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The accident that sparked angry student protests in Bangladesh

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Bangladesh’s crowded capital of Dhaka has been in a state of gridlock over the past week, reported Asian Correspondent (Malaysia).

The cause of the congestion? Not of the motorised kind. Instead, the streets of the city of 18 million are being choked this time by tens of thousands of angry students demanding changes to transport laws.

The students were driven to the streets after a road accident on July 29 which saw the deaths of two of their peers. According to reports, a driver for a private bus company ran over the two schoolchildren – a boy and a girl – during an apparent race with another driver for passengers, subsequently killing them.

When the incident hit social channels, widespread anger spread online, culminating in thousands of youngsters flooding the capital to demand justice. The demonstration turned violent, resulting in running scenes of riots and chaos as students blocked roads to bring the capital to a standstill.

Some university students who defied government warnings to end the protest the bricks at riot police, with some taking processions through the city, the AFP reported.

Students told AFP that police fired rubber bullets at protesters in Bashundhara neighbourhood, which is home to two private universities, and that members of the student wing of the ruling Awami League party attacked the protesters with sticks and bricks.

Pro-government supports are also holding violent counter-protests against the students and media which have caused hundreds of injuries.

Giving in to the pressure, the government approved the maximum jail time for rash driving from five years to three, the law minister said.

“As per the proposed law, an accused has to face five years of jail for negligent driving (leading to death),” Law Minister Anisul Huq said after a cabinet meeting.

He added the deliberate running over of people will draw murder charges and carry the death sentence.

Mob justice
Human Rights Watch (HRW) said Bangladesh authorities are arresting students and targeting activists and journalists who are highlighting the abuses.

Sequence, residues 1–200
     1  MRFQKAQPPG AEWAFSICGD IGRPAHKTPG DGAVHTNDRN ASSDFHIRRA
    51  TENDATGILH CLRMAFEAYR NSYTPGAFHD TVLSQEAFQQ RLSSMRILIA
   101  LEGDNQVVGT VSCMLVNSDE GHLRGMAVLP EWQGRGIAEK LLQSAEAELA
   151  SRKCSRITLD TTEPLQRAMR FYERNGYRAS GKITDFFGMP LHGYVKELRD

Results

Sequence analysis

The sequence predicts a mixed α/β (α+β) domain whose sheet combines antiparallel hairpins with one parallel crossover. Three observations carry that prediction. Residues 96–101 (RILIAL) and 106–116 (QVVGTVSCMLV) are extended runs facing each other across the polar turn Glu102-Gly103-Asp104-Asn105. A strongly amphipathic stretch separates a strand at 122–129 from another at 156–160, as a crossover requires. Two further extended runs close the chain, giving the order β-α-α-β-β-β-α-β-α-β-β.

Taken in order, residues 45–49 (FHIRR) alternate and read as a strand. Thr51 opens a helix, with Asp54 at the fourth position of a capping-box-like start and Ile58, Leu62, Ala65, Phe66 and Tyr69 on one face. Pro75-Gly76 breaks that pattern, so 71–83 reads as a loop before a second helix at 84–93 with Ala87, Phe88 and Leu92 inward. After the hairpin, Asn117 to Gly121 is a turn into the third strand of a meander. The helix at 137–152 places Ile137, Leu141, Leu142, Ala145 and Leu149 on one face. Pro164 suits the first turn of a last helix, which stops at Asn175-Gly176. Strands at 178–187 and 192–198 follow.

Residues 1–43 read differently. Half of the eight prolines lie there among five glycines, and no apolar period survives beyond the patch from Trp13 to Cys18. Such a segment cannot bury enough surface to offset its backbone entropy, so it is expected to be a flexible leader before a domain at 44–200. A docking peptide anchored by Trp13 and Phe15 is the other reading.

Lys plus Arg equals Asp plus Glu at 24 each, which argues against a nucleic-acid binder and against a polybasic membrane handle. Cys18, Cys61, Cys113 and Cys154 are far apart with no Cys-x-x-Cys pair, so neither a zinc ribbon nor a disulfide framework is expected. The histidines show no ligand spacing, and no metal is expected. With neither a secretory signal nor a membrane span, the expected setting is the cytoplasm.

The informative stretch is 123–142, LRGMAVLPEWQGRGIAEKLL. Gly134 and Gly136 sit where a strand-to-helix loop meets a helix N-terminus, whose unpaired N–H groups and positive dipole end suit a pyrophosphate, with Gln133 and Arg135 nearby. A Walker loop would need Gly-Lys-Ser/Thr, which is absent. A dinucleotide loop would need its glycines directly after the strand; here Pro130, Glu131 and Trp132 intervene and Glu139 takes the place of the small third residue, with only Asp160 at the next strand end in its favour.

Police also arrested social activist and photographer Shahidul Alam who had posted comments that a student wing of the ruling party was trying to attack the protesters.

Shahidul’s organisation, Drik Picture Library, said 30 to 35 men in plain clothes swept into his Dhaka apartment building, claiming to be police detectives, and whisked him away in a car to be taken to custody.

However, Dhaka’s additional deputy commissioner of police, Obaidur Rahman, said Shahidul was arrested on charges of spreading rumours on social media, aiming to incite violence.

HRW called for an immediate investigation into reports that renowned photographer and activist, Shahidul Alam, was beaten while in custody.

Citing numerous witnesses, the rights group said members of the Awami League party student and youth wings, the Bangladesh Chhatra League, and the Awami Juba League, have attacked the protesters with machetes and sticks.

Eyewitnesses and journalists, including Shahidul, also reported that in some areas police stood by while children were beaten up by Awami League supporters.

Some of the counter-protestors, HRW said, wore helmets to hide their identity and some were identified when the attacks were caught on camera.

“Yet again, Bangladesh authorities seem determined to take abusive shortcuts to problems, and then denounce those who criticise,” Brad Adams, Asia director at Human Rights Watch, said in a statement.

“The authorities should immediately release anyone, including Shahidul Alam, they have locked up for peaceful criticism. Instead, authorities should prosecute those, including members of the ruling party’s youth supporters, who are attacking children with sticks and machetes.”